Most of this week, I attended what is called a Primex Risk Management Summit.
Primex is an amazing company that handles risk management for most of the towns and cities, and many businesses in New Hampshire.
At every age we can still learn so much. It is also important for us to keep up-to-date and aware of new issues and concerns that will affect and often can help all of us. Starting as a teacher years ago, conferences and learning are right up my alley.
Something else I feel honored to tell you is that this same company Primex picks a group of who they call “Emerging Leaders” in our state to offer additional training and classes to throughout the year. It is something you must be nominated for and the application process is pretty involved. To apply you even had to submit a video of yourself explaining what you do and who you are.
Each year they select 16 people who they believe have high leadership potential from across the state. The group is made up of first responders and other people involved in our municipalities and schools. This year, just from our area alone, I think it is pretty impressive that three of us were selected. Two of Derry’s exceptional and devoted assistant principals David Brown of the Ernest P. Barka Elementary School, Michelle Cremone of South Range Elementary School and me as Londonderry Town Clerk.
Another one of these "You never know where your paths will cross in life." Close to 10 years ago when I was a cross country coach for St. Thomas Aquinas School in Derry, Dave Brown was the coach at Gilbert H. Hood Middle School and every afternoon Dave and his team would welcome us to share with their track and field team. Just watching Dave work with his team I learned so much from him. After not seeing each other for years, here we were.
Another great thing about the Primex conference is that CEO Ty Gagne believes in giving back. This is actually a free conference to members who want to attend.This year over 350 people did. They bring in speakers from all over the country that they believe will bring us as much helpful information as possible over the course of a couple days.
Our first speaker was Andy Cohen and his presentation was called “Challenge Your Assumptions." In a nutshell, it was about how often we assume something about a person or situation and we are road blocked in our own perceptions to really understand the situations.
Our assumptions are often wrong, wild, and can run away from us. We assume we know what another person is thinking what their motives are or we assume we know the situation at hand. Andy has actually coined the name for these — our “assumps."
Andy opened with this story — and honestly, at first I wondered where he was going with it.
He started by telling us that he and his wife live in New York City, and both are very busy. They decided to finally step away from it all and take a day off together. They headed to the mountains for a hike, just the two of them.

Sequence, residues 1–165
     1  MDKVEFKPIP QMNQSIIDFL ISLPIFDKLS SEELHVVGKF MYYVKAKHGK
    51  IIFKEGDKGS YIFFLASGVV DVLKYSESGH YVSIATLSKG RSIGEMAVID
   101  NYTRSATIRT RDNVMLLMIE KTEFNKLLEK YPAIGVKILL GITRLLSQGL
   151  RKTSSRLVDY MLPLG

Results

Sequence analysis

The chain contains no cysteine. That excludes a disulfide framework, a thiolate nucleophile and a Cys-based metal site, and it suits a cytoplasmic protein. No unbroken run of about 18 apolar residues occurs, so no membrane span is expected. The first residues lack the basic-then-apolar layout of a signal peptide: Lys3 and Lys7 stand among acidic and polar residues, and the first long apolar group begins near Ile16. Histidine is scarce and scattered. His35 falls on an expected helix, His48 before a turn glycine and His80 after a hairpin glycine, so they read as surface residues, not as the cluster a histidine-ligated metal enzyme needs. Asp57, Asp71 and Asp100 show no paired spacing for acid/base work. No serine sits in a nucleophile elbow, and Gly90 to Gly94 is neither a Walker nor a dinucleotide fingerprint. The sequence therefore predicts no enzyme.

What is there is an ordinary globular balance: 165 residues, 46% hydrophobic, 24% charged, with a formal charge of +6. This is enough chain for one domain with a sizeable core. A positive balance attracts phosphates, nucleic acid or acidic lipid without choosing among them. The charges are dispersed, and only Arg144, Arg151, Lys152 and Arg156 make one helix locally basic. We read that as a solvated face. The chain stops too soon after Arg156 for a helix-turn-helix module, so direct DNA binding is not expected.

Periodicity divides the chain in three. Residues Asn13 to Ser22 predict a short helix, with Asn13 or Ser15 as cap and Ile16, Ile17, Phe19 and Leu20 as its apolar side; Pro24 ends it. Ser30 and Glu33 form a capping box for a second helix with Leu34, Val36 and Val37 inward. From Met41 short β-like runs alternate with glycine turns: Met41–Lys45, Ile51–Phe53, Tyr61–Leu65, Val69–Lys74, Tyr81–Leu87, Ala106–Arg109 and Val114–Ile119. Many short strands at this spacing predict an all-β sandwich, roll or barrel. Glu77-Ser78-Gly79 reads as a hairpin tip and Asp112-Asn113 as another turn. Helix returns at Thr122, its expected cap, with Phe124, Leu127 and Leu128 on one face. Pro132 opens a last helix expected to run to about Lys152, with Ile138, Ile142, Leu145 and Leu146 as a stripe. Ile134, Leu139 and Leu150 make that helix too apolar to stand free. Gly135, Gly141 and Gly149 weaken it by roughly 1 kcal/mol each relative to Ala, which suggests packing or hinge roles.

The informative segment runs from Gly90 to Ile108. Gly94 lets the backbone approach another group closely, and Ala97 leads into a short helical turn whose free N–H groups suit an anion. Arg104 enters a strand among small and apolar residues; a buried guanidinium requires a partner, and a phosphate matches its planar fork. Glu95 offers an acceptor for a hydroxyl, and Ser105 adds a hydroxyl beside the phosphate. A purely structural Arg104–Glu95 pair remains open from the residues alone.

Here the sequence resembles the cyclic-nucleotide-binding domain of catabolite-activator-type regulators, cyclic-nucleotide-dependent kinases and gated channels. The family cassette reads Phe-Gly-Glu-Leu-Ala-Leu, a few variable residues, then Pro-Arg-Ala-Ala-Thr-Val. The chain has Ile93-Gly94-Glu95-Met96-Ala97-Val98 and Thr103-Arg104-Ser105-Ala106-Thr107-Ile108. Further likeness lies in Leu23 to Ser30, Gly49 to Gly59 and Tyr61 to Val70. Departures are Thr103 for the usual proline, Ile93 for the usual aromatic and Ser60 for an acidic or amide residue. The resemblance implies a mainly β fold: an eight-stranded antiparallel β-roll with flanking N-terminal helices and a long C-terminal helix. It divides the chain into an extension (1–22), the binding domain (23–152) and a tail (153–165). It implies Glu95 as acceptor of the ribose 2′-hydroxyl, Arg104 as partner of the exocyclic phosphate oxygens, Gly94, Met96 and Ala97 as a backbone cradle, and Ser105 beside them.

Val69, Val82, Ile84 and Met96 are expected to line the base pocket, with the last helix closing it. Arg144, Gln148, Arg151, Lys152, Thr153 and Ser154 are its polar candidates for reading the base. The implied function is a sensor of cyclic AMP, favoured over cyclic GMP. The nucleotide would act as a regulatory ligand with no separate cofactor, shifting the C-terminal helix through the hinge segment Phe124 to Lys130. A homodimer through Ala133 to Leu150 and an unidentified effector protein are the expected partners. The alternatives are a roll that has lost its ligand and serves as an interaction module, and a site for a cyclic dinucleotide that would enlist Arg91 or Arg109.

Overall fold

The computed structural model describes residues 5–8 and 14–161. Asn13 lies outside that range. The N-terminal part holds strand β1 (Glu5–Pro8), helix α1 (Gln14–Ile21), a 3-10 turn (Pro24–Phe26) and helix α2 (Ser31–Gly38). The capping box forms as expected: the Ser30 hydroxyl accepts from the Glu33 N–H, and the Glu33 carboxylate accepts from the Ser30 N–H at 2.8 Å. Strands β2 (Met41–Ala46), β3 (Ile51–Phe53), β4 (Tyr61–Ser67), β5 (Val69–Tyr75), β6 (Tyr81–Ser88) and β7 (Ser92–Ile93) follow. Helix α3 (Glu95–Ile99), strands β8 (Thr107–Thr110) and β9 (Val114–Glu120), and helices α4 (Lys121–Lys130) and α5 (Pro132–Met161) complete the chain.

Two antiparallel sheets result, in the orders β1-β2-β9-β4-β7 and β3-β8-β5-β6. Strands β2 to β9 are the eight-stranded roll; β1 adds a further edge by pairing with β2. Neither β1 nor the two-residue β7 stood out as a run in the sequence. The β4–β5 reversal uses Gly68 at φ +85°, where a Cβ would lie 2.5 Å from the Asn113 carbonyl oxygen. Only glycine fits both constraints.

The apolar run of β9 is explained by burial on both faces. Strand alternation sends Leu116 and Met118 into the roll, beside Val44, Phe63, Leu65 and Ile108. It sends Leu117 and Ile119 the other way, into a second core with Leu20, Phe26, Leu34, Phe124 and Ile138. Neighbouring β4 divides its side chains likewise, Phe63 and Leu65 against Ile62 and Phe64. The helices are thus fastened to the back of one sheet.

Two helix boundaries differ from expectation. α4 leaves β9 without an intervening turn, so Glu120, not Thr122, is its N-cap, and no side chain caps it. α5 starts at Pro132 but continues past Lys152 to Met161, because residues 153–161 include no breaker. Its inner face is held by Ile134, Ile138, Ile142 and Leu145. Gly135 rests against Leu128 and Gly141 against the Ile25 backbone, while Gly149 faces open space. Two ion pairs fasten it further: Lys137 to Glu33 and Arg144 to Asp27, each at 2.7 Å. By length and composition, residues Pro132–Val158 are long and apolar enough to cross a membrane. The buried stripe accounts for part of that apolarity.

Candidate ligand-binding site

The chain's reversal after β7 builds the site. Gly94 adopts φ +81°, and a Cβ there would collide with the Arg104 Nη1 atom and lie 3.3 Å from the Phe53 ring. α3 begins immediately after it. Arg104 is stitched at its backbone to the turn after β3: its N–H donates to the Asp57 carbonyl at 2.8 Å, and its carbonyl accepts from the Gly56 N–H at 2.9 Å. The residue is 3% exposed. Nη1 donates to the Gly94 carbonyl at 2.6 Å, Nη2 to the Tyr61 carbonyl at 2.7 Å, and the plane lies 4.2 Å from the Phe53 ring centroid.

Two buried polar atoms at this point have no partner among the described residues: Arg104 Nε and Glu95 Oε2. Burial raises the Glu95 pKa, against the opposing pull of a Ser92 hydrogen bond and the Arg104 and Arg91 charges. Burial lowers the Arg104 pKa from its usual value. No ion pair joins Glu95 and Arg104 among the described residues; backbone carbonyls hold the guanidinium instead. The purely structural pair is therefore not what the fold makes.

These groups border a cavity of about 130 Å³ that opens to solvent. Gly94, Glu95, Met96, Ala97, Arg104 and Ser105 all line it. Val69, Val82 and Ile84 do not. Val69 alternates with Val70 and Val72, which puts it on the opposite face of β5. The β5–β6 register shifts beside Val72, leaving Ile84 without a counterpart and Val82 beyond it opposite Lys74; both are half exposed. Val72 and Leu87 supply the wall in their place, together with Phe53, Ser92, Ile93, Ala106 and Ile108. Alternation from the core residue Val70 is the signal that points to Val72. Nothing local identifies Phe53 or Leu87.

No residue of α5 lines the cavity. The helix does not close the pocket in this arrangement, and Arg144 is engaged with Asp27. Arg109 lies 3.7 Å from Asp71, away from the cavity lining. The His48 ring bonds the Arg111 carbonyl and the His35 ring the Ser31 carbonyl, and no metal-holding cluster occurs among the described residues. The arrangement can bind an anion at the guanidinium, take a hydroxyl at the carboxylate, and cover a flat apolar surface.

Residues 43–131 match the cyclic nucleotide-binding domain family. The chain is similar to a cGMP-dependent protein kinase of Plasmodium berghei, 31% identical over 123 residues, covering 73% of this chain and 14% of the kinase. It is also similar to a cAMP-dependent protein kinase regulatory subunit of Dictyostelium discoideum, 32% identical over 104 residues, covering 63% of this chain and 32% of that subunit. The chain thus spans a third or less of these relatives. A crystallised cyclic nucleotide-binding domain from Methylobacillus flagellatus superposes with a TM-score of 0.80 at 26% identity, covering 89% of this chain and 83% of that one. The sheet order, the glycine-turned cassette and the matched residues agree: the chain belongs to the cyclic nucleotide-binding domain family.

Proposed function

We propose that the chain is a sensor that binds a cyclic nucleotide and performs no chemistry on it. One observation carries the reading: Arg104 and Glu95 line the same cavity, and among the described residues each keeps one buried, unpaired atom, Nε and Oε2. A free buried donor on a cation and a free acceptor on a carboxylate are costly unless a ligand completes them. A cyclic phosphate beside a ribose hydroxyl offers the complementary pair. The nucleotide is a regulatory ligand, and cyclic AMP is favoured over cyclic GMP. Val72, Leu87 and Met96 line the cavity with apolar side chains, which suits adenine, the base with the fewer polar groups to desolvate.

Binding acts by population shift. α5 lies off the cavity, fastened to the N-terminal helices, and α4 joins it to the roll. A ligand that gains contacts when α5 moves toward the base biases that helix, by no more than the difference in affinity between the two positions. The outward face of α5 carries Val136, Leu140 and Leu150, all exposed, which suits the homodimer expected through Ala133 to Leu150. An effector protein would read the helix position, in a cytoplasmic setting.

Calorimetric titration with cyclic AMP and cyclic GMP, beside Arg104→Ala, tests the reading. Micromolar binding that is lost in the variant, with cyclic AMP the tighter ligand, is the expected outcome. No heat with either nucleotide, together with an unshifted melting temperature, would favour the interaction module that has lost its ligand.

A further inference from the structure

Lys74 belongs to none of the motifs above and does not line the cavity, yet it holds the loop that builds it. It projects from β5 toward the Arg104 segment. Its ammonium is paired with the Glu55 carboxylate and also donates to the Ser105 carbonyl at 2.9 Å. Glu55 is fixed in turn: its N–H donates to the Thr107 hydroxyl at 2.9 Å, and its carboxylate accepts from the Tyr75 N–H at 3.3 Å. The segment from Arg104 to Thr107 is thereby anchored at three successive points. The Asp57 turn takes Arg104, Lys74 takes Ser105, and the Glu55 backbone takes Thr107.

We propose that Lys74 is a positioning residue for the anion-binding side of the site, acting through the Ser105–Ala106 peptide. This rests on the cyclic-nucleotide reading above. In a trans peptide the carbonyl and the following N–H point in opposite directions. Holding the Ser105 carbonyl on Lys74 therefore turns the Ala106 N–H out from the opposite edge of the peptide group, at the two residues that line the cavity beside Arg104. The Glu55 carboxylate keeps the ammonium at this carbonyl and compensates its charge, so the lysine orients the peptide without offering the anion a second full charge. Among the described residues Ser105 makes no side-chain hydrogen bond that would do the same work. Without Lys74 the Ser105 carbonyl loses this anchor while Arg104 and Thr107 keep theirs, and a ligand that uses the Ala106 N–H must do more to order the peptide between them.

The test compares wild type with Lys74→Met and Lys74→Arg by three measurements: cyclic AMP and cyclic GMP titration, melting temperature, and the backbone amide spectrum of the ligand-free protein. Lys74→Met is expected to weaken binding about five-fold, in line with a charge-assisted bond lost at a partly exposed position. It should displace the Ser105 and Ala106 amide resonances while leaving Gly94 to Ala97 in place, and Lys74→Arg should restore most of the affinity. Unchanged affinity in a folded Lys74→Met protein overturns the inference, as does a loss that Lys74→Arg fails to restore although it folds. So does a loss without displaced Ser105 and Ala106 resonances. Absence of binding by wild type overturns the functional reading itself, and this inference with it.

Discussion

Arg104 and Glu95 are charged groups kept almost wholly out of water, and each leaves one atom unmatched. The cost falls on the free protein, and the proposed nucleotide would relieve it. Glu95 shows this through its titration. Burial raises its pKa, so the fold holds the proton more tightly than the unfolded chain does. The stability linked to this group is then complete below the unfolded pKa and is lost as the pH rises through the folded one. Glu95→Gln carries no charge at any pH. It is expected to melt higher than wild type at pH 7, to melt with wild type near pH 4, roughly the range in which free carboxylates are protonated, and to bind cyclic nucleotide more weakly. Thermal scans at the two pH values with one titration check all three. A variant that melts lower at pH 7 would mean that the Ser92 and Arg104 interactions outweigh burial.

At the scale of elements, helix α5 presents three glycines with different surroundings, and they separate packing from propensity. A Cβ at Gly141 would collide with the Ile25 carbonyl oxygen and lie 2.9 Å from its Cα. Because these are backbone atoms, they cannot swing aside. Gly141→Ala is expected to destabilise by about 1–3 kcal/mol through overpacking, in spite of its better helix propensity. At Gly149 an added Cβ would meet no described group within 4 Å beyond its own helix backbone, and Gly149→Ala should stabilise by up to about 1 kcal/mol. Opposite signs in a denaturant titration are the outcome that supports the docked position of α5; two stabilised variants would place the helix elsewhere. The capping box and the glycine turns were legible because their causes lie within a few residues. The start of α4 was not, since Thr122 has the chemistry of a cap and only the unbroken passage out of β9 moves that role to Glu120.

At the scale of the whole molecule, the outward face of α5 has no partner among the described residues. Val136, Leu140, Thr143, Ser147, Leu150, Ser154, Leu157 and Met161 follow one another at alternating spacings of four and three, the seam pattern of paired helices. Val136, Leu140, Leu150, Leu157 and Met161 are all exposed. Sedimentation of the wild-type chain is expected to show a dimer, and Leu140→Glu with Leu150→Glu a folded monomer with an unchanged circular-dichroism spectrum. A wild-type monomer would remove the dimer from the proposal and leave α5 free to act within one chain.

At first they were very excited, packing and preparing together. Of course trying to leave the city in lots of traffic caused them to go from that feeling of one minute happy and relaxed to the next stressed and tense sitting in traffic.
Finally, the traffic cleared and they reached their destination a little later than planned, but they made it. Their stress went away, they stopped picking at each other and they started their beautiful hike.
They were so happy to be away from it all. It was quiet, peaceful, just the two of them, they start talking, laughing together and even did a little hand holding as they were hiking along.
They reached the top of the mountain a little later than planned in the day. They were so happy, relaxed but given the time, 4 p.m. in the fall, they decided to make their way back down before it got dark.
They finally got back to the entrance and their car was the only one left in the parking lot. They hopped in their car, still happy talking about heading out to dinner. Unfortunately, as they started to drive off they noticed the park gate was down and locked. They were the only ones stuck inside the gate and it was getting darker by the minute.
A nice little getaway started to turn negative. They were trying to figure out what to do. Andy decided he would try to go around the gate with the car. His wife yelled something like “Don’t do that, you are going to tear the bottom out of the car!” He said the worst part was he stopped and realized she was right. Time was passing, they were getting more annoyed with each other by the minute and then suddenly his wife said the best three words he could imagine.
At first I thought it would be “I Love You,” "It'll be OK," but that did sound too typical. What do you think those three words were?
Check the gate.
Their “assumption” about the situation was the gate was fully across the road and they could see the huge chain wrapped around it, they were stuck. Andy got out, saw the chain and padlock but when he tugged on it, sure enough it wasn’t locked after all. He just needed to remove the chain, move the gate, drive through, re-wrap the chain and attach the lock, unlocked.
Andy explained that they had spent at least 15 minutes sitting in the car together, getting more aggrieved by the minute with each other because of assuming about the situation.
It gets better though — once they got to the other side of the gate, they noticed a small piece of white paper under the windshield wiper. Now remember it had been there the entire time.
The paper said, “If you’re leaving after 5 p.m., the gate will be down, just remove the lock but please remember to put it back in place!”
What a great way to open our minds and the conference, and wait until I tell you what I learned about learned about cybersecurity next week!
Sherry Farrell is Londonderry Town Clerk and a lifelong resident of New Hampshire.